It's been a good past few months for George Lucas. Early last month, Disney completed its acquisition of his company Lucasfilm and the Star Wars franchise for $4.06 billion in cash and stock. And just yesterday it was announced that he will marry his girlfriend of seven years, Mellody Hobson.
Lucas and Lucasfilm also achieved success on the employment discrimination front, as they succeeded in their bid to overturn a $1.27 million pregnancy discrimination judgment against the company.
The case, Veronese v. Lucasfilm Ltd., involved several interesting questions, including the relevance of an employer's expressed concern for a pregnant woman and her unborn child in determining whether an employment decision involving the woman was tainted by illegal pregnancy bias. The lawsuit was brought by a woman whose arrangement to serve as the assistant to the estate manager of the property at which Lucas resides was delayed and then called off because of her pregnancy-related illness, her loss of one of the two twins she was carrying, and concerns raised by health and safety conditions at the estate.
The California Court of Appeal found it was an error for a state trial court to instruct the jury that, "A potential hazard to a fetus or an unborn child is not a defense to pregnancy discrimination." The trial court's sole authority for doing so, it said, was the U.S. Supreme Court's decision in United Auto Workers v. Johnson Controls Inc.
But Johnson Controls involved a broad employer policy that extended to any woman who was pregnant or capable of bearing children, while Lucasfilm had no such policy, the court said. Rather, the company made a decision involving the welfare of one pregnant woman who already had miscarried one twin, and the company otherwise provides extensive benefits to pregnant workers, including paid maternity leave, subsidized daycare, and 100 percent medical insurance coverage for the entire family.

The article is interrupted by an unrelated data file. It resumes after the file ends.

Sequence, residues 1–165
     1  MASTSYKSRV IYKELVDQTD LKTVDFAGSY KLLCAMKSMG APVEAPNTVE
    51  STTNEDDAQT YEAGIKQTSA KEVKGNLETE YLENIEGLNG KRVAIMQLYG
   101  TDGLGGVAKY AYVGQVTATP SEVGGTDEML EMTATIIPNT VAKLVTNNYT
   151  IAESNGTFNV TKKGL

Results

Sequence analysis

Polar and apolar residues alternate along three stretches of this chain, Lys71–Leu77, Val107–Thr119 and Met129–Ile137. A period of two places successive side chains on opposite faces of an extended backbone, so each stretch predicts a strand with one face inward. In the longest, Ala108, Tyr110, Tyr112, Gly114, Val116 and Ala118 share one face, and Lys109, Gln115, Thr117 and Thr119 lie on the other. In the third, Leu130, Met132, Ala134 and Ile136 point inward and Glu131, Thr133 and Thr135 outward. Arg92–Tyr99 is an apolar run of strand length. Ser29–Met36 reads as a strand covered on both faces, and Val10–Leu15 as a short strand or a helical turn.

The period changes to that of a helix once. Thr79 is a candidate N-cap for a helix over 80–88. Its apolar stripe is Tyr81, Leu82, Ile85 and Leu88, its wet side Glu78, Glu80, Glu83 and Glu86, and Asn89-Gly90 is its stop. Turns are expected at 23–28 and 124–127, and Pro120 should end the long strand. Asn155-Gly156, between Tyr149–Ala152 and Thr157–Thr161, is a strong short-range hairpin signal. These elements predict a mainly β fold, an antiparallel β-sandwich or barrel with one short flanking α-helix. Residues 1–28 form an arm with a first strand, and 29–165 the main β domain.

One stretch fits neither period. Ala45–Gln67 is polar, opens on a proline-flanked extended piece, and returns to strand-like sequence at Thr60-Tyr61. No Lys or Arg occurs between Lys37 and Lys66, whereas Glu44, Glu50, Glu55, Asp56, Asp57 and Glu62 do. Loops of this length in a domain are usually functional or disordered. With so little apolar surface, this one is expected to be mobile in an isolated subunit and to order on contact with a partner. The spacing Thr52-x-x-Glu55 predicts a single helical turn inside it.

Accordingly, the appeals court concluded, even if the trial court's jury instruction were "abstractly correct"--since, literally, there is no defense for discrimination when proved--the instruction still was improper. The instruction, the appeals court wrote, "could be interpreted as telling the jury that anypotential hazard to an unborn child is necessarily irrelevant to the employer's legitimate decisionmaking." That would be erroneous, the court ruled, because Johnson Controls acknowledged "that Title VII does not prevent the employer from having a conscience."
Other recent EEO developments include:
All Bloomberg BNA treatises are available on standing order, which ensures you will always receive the most current edition of the book or supplement of the title you have ordered from Bloomberg BNA’s book division. As soon as a new supplement or edition is published (usually annually) for a title you’ve previously purchased and requested to be placed on standing order, we’ll ship it to you to review for 30 days without any obligation. During this period, you can either (a) honor the invoice and receive a 5% discount (in addition to any other discounts you may qualify for) off the then-current price of the update, plus shipping and handling or (b) return the book(s), in which case, your invoice will be cancelled upon receipt of the book(s). Call us for a prepaid UPS label for your return. It’s as simple and easy as that. Most importantly, standing orders mean you will never have to worry about the timeliness of the information you’re relying on. And, you may discontinue standing orders at any time by contacting us at 1.800.960.1220 or by sending an email to email@example.com.
Put me on standing order at a 5% discount off list price of all future updates, in addition to any other discounts I may quality for. (Returnable within 30 days.)
Notify me when updates are available (No standing order will be created).